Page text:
The growth in online purchasing continues. In a survey of 1,989 online consumers conducted during the last week of October, digital-tracking firm comScore found that In Q3 2012, online sales grew 15 percent over the same period last year, compared with a two percent year-over-year growth rate for offline retail sales.
Total year to date online spending was up 16 percent — excluding travel, autos, and auctions — over the first three quarters of 2011. Showing consistent growth, online ecommerce revenues have achieved double-digit gains in every quarter since Q4 2010.
Overall Consumer Views of the Economy
Unfortunately, consumers still have a gloomy view of the economy, with 48 percent characterizing it as “poor.” However that is an eight percent improvement over July and the most positive result in four years. The comScore survey revealed that respondents are most concerned about rising prices. Economic uncertainty during the major holiday shopping days could make consumers jittery.
Key Online Shopping Metrics
According to comScore, from Q3 2011 to Q3 2012:
- Ecommerce sales rose 16 percent from $36.3 billion to $41.9 billion.
- The number of transactions grew from 429 million to 467 million, a nine percent increase.
- The number of online purchasers rose from 182 million to 194 million, an increase of seven percent.
- The value of the average order increased six percent, from $85 to $90.
- Transactions per buyer edged up from 2.36 to 2.41, a two percent rise.
- Dollars per buyer — average order size x transactions per buyer — went from $200 to $217 during the same timeframe, an increase of eight percent.
The categories that experienced the strongest sales growth were digital content and subscriptions, consumer electronics, event tickets, apparel and accessories, video games, consoles, and accessories, jewelry and watches, and flowers and greetings.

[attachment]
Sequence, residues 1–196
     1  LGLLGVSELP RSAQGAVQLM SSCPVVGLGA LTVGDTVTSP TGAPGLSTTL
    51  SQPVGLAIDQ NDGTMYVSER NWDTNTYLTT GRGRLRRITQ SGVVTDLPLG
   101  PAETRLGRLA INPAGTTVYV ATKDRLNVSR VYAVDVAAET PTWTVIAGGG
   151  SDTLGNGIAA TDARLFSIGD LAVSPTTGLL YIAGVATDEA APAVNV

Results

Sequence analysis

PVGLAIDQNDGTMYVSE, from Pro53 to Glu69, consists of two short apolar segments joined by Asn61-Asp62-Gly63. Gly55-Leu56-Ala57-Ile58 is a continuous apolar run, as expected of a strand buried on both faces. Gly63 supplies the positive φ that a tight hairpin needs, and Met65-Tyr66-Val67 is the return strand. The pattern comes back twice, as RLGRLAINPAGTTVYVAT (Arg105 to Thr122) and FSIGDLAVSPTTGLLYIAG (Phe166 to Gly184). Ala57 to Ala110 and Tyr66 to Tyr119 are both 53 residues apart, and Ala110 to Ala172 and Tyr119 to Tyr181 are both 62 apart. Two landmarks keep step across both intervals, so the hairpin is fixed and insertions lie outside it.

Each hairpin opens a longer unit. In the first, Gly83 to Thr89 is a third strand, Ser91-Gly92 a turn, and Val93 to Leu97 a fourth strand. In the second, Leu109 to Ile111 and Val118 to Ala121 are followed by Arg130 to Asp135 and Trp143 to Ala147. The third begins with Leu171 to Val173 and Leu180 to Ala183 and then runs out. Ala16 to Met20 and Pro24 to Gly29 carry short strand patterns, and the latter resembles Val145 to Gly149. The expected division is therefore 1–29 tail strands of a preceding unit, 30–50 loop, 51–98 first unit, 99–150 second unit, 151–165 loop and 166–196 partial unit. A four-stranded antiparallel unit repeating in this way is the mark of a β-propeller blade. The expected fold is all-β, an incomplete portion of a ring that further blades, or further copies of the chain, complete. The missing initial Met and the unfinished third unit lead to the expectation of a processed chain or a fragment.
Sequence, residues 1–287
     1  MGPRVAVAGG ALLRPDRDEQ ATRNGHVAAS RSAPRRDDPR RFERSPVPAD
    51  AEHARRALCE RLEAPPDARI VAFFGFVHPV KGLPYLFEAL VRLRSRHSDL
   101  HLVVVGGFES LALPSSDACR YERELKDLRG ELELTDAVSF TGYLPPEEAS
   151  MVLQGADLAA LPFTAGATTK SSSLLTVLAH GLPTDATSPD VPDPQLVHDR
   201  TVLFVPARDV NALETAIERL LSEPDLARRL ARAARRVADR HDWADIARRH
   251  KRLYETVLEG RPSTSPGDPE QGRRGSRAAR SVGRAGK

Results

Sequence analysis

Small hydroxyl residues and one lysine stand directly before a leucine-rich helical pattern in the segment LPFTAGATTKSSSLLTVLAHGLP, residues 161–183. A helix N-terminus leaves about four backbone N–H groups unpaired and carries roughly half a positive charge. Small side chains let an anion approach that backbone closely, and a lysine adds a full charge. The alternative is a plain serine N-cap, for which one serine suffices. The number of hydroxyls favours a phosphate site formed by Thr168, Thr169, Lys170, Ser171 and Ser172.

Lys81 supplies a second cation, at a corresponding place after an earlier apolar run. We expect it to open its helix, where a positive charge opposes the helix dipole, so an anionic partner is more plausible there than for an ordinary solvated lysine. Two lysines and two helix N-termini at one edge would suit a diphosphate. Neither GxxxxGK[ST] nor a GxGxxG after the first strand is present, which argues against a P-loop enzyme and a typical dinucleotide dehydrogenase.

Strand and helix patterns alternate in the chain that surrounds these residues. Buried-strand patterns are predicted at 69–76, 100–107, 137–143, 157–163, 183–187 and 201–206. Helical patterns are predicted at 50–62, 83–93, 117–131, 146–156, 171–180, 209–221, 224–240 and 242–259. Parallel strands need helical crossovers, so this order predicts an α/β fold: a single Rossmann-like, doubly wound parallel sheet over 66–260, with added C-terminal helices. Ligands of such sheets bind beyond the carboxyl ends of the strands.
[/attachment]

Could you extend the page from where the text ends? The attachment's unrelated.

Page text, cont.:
While merchant websites, search engines, online advertising, and digital coupons create awareness of products and services, friends and family are instrumental in creating a perceived need or wish for products. Television and print media also contribute to consumers’ online purchase decisions. Brick and mortar stores act as a catalyst for online buying with the practice of showrooming driving actual purchases to the Internet — see “Showrooming Challenges Brick-and-Mortar Retailers,” a previous article. In the comScore survey, 37 percent of consumers admitted to engaging in showrooming behavior in Q3 2012, up from 32 percent in Q2.
Pinterest has grown dramatically in visitors since 2011 with 20 million more monthly visitors than the 2011 holiday season. Pinterest users tend to be big online spenders, as 74 percent of Pinterest users are more likely to make online purchasers than others — so it is important for online merchants to have a Pinterest presence.
Biggest Shopping Days
While Cyber Monday and Black Friday are the biggest spending days, Thanksgiving Day has become an increasingly important online shopping day, especially in the evening hours. comScore attributes this to the advent of tablets that can easily be used in a family room after Thanksgiving dinner. comScore characterizes this as “sit-back shopping.” Apparel and accessories comprise 50 percent of tablet shopping. Ten percent of all ecommerce expenditures now come from tablets and smartphones.
2012 Ecommerce Holiday Forecast
comScore predicts a 15 to 18 percent increase in online sales over last year. Much of this is attributable to the general shift from brick and mortar purchases to online purchases. This year there are two more shopping days between Thanksgiving and Christmas than there were in 2011. Another reason is a general improvement in consumer sentiment.
However, the “fiscal cliff” tax law changes that will go into effect in January if Congress does not act before then may dampen holiday shopping if the issues are not resolved soon.